When it was revealed that Neo and Trinity would return for the upcoming fourth installment of The Matrix franchise (titled The Matrix Resurrections), it became one of the most highly anticipated revivals in cinema – and director Lana Wachowski is now sharing her thought process on this particular resurrection.
As many of you already know (spoiler alert for those of you who don't know), Neo and Trinity both died in the climax of the third film, The Matrix Revolutions. They had changed both worlds for the better the very much-in-love duo were casualties of the war for the safety of Zion and The Matrix; however, the ending implied that there was good reason for the Oracle to believe we'd see Neo again. In the new trailer for the fourth installment, they appear to be resurrected in some capacity and at the forefront of the story, a welcomed return for longtime fans of the original film.
With obvious religious subtext about resurrection and the idea that love is the key to changing both worlds, it feels like a full-circle opportunity to revisit this iconic pair once again – and Wachowski's choice is something that comes from a deeply personal place of loss.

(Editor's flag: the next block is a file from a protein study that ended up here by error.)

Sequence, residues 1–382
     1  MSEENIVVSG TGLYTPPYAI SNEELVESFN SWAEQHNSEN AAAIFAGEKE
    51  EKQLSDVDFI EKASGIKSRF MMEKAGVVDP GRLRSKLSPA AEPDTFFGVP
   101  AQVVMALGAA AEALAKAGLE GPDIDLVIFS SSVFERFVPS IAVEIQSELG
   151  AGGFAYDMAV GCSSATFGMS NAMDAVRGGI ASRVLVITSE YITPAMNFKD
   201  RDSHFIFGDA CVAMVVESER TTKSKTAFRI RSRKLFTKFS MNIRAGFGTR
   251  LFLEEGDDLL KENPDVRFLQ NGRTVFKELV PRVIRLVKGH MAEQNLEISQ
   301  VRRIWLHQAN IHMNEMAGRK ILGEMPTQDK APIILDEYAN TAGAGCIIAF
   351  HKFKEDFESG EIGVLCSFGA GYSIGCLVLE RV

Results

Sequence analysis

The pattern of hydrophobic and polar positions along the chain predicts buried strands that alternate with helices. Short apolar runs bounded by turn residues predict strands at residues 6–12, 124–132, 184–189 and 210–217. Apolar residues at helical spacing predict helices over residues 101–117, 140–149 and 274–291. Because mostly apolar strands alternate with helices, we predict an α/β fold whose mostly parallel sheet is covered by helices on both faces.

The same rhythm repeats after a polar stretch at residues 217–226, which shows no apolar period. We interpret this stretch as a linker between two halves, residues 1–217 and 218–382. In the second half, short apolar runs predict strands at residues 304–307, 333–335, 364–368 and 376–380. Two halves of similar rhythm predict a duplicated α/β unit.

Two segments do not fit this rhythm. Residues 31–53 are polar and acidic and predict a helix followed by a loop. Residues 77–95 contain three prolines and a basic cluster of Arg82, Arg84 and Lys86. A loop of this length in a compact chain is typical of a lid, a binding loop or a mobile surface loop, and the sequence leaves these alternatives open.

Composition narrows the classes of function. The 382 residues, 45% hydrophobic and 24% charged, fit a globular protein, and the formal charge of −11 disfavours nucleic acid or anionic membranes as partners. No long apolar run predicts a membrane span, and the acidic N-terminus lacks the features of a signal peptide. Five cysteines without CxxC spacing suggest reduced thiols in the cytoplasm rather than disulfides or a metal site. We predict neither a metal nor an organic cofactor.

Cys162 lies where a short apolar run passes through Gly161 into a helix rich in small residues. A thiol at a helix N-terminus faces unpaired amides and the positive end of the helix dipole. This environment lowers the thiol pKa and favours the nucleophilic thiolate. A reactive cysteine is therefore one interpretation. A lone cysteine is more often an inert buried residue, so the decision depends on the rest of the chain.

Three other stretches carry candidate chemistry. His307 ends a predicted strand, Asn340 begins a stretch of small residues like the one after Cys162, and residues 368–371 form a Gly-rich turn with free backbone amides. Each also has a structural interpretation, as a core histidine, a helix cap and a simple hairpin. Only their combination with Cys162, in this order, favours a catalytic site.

When speaking at the Berlin International Literature Festival, the director talked about committing to a Neo and Trinity story, explaining, "My dad died, then this friend died, then my mom died. I didn't really know how to process that kind of grief. I hadn't experienced it that closely … You know their lives are going to end, and yet it was still really hard. My brain has always reached into my imagination, and one night, I was crying, and I couldn't sleep, and my brain exploded this whole story. And I couldn't have my mom and dad, yet suddenly I had Neo and Trinity, arguably the two most important characters in my life."
The mastermind behind The Matrix Resurrections elaborated, "It was immediately comforting to have these two characters alive again, and it's super simple. You can look at it and say: 'OK, these two people die and OK, bring these two people back to life and oh, doesn't that feel good.' Yeah, it did! It's simple, and this is what art does, and that's what stories do; they comfort us."
The idea expressed by the director is one that is often overlooked in storytelling, with a certain group of people seeking out finite stories about characters – and conversely, others like Wachowski (or myself). They enjoy seeing the timeless potential for stories about characters that embrace unconventional paths.
Either way, you look at it, it's still genuinely hard to imagine The Matrix without Neo and Trinity, so we're excited that Wachowski shares our exact sentiment.